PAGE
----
"We didn't know whether or not he was armed, so we waited until the interpreter came to talk him out," said Specialist 4 Daniel Carrington, of Beaumont, Texas. When the enemy came out and was interrogated, it was learned that there were still two more of the group left to be accounted for.
Again the search continued, this time leading to a tunnel entrance where another wounded Viet Cong was hiding.
SSG Jones Sets High In Re-up Bonus
CU CHI - A tax-free reenlistment bonus of $9,540 was recently awarded to Staff Sergeant Larry A. Jones assigned as a rotary wing section chief for the 25th Division Artillery's aviation section.
According to the division reenlistment office, this tops any bonus paid thus far by the 25th Infantry Division in Vietnam. (Continued on Back Page)
Military Police Spot and Stop Enemy Advance on Dau Tieng
3D BDE - Military police from the 3d Platoon, 25th Military Police Company drove off an undetermined number of Viet Cong who were attempting to approach the 25th Infantry Division's base camp at Dau Tieng.
As the 3d Brigade MPs were closing their check point at the edge of the Michelin Rubber Plantation one evening the often routine task of monitoring the flow of natives in and out of the village of Dau Tieng was broken when they spotted a force of armed Viet Cong slinking toward the community.
They immediately engaged the enemy with machineguns and small arms as the Viet Cong replied with a fusillade of rifle and rocket grenade fire.
The enemy pinned down Specialist 4 Wayne Luke, a machine gunner, who despite the heavy enemy fire changed barrels on the weapon, burning himself in the process, and resumed blasting away at the enemy.
A reaction force was dispatched from the base camp as soon as the contact was reported and deployed at the embattled checkpoint.
With darkness falling it became necessary to close the checkpoint and withdraw into the Dau Tieng base camp for the night.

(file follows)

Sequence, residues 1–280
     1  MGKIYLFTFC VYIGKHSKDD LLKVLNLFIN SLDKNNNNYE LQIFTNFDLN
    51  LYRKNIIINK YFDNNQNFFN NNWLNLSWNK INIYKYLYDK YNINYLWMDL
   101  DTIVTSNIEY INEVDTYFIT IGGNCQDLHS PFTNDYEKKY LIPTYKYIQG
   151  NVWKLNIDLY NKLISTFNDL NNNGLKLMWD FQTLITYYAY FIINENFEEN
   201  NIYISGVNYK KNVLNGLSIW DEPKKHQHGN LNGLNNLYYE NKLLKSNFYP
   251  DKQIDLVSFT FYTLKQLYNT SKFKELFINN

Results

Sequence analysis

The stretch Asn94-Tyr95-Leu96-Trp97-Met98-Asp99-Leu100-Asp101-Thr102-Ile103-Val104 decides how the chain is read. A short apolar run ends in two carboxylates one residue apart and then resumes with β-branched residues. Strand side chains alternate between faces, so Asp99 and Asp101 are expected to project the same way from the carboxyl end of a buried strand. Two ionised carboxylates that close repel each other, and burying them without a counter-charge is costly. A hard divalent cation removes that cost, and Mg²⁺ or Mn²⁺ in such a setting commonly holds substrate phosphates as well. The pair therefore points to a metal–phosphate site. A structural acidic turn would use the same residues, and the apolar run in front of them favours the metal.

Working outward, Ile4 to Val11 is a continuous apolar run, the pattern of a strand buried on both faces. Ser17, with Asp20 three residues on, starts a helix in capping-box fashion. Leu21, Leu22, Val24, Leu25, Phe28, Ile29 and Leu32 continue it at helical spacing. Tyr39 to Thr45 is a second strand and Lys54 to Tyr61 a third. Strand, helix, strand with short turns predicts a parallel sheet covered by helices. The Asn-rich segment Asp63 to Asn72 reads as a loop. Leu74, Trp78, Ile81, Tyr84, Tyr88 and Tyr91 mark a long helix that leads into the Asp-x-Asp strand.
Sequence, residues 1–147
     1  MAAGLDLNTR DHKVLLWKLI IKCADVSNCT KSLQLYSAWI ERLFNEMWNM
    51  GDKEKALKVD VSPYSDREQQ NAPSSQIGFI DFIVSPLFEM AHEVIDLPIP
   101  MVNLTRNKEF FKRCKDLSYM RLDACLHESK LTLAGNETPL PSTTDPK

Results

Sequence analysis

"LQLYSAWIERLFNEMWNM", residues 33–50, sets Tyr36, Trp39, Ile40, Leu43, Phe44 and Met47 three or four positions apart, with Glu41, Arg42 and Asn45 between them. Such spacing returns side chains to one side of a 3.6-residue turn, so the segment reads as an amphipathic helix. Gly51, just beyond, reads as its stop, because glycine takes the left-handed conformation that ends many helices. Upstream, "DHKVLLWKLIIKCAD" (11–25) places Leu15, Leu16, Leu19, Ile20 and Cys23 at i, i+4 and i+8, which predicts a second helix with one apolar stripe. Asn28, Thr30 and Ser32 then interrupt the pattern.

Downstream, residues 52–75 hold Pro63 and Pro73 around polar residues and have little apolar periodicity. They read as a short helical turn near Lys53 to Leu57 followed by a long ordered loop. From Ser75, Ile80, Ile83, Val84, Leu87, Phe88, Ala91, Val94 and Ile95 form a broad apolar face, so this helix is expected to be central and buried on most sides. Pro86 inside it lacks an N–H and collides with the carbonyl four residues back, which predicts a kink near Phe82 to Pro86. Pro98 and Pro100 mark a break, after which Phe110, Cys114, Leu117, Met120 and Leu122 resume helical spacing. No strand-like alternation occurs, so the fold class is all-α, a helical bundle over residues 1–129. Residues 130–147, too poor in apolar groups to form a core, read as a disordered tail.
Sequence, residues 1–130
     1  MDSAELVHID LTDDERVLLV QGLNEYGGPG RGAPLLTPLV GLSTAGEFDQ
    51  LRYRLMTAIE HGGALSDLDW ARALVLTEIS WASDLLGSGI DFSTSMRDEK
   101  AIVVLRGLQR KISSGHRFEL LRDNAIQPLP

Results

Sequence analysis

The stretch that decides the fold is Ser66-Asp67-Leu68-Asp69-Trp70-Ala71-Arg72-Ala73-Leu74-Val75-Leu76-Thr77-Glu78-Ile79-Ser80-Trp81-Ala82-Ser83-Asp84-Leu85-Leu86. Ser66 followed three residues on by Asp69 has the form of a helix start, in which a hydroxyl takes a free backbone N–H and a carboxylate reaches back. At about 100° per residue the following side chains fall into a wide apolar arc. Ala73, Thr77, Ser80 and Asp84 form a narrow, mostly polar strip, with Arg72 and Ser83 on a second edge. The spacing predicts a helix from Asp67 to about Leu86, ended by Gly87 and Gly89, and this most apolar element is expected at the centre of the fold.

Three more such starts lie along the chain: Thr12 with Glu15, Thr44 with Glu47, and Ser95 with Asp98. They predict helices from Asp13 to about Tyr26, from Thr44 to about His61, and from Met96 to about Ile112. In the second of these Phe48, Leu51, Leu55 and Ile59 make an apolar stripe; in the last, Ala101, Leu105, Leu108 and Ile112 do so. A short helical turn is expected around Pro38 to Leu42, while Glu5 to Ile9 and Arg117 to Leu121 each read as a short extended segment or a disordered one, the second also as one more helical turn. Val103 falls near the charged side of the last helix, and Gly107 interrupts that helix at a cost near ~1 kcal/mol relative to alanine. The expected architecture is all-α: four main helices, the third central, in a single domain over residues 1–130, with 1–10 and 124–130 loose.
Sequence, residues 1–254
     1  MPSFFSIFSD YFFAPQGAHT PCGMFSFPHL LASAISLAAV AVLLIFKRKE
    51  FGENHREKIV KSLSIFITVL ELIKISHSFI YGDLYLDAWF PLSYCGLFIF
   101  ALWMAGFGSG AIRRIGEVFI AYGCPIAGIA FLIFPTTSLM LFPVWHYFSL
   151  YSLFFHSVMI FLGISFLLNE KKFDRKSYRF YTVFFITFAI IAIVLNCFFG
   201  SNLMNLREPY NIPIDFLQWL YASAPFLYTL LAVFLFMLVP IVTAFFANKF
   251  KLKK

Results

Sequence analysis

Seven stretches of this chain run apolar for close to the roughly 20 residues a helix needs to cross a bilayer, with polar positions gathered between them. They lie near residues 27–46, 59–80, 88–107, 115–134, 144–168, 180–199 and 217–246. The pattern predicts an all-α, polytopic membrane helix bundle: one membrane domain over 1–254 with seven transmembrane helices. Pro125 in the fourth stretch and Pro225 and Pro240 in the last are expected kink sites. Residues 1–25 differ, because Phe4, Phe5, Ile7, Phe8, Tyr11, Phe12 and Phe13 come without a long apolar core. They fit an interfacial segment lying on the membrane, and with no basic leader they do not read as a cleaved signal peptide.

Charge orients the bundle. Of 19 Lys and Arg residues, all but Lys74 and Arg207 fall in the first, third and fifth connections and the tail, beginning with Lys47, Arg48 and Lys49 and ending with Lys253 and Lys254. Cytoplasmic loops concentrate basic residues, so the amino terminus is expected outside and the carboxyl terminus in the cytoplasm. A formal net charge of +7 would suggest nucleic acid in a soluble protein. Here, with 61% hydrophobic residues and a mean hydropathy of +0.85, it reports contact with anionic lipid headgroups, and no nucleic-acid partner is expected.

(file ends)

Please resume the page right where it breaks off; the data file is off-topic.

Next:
Page 2 TROPIC LIGHTNING NEWS August 12, 1968
LTC Homer W. Kiefer, Jr., HHB, 3d Bn, 13th Arty
CPT Donald L. Crowley, HHC, 4th Bn, 9th Inf
CPT Luis Ortiz, A Btry, 3d Bn, 13th Arty
CPT Harlan F. Fricke, Co C, 4th Bn, 9th Inf
1LT Andrew A. Gerrie B Trp, 3d Sqdn, 4th Cav
WO1 Robert E. Hayner, Co B, 25th Avn Bn
2LT Roger A. See, A Trp, 3d Sqdn, 4th Cav
2LT Thomas J. Bowes, Co D, 2d Bn, 27th Inf
SFC Dennis R. Dennis, HHC, 1st Bn, 27th Inf
SSG James M. Mason Jr., A Trp, 3d Sqdn, 4th Cav
SSG Charles L. Preston, Co A 2d Bn, 22d Inf
SSG Kenneth W. Rogers, Co D, 2d Bn, 27th Inf
SSG Walter Simpson Jr., HHB 3d Bn, 13th Arty
SSG Wilford M. Ward Jr, HH&S Btry, 3d Bn, 13th Arty
SGT John B. Hyde, HHB, 7th Bn, 11th Arty
SP5 Ferenc Borsody, B Trp, 3d Sqdn, 4th Cav
SGT Walter L. Willard, A Btry, 3d Bn, 13th Arty
SP4 Dwight W. Birdwell, C Trp, 3d Sqdn, 4th Cav
SP4 William J. Moulds, A Btry, 3d Bn, 13th Arty
SP4 Dennis L. Bush, Co B, 2d Sri, 27th Inf
SP4 Melvin Hamlett, HHC, 3d Bn, 22d Inf
SP4 Melvin Boden, Co C, 65th Engr Bn
CPL William F. Castleberry, B Trp, 3d Sqdn, 4th Cav
PFC Robert E. Ainsworth, HHC, 4th Bn, 23d Inf
PFC Datus M. Ward, C Trp, 3d Sqdn, 4th Cav
PFC Frank E. Malner, A Btry 1st Bn, 8th Arty
PFC Teodoro E. Garcia, Co D, 1st Bn, 27th Inf
PFC Rueben C. Puphal, A Trp, 3d Sqdn, 4th Cav
BRONZE STAR MEDAL (HEROISM)
LTC Alfred M. Bracy, HHC, 2d Bn, 14th Inf
LTC Homer W. Kiefer Jr., HQ, 3d Sri, 13th Arty
1LT John T. Corley, Co D, 1st Bn, 27th Inf
1LT Leroy E. Homeyer, A Trp, 3d Sqdn, 4th Cav
1LT John F. Snodgrass, Co A, 1st Bn, 5th Inf
2LT Miles O. Forsyth, Co D, 2d Bn, 27th Inf
2LT Robert J. Wagner, Co C, 2d Bn, 22d Inf
1SG John V. Veara, A Trp, 3d Sqdn, 4th Cav
SSG Douglas B. Williams, Co A, 4th Bn, 23d Inf
SSG Verray Caldwell, HHB, 3d Bn, 13th Arty
SSG Robert T. Tollery, Co C, 1st Bn, 27th Inf
SSG Charles E. Gaskins, Co E, 65th Engr Bn
SSG Michael M. Jenkins, A Btry, 1st Bn, 8th Arty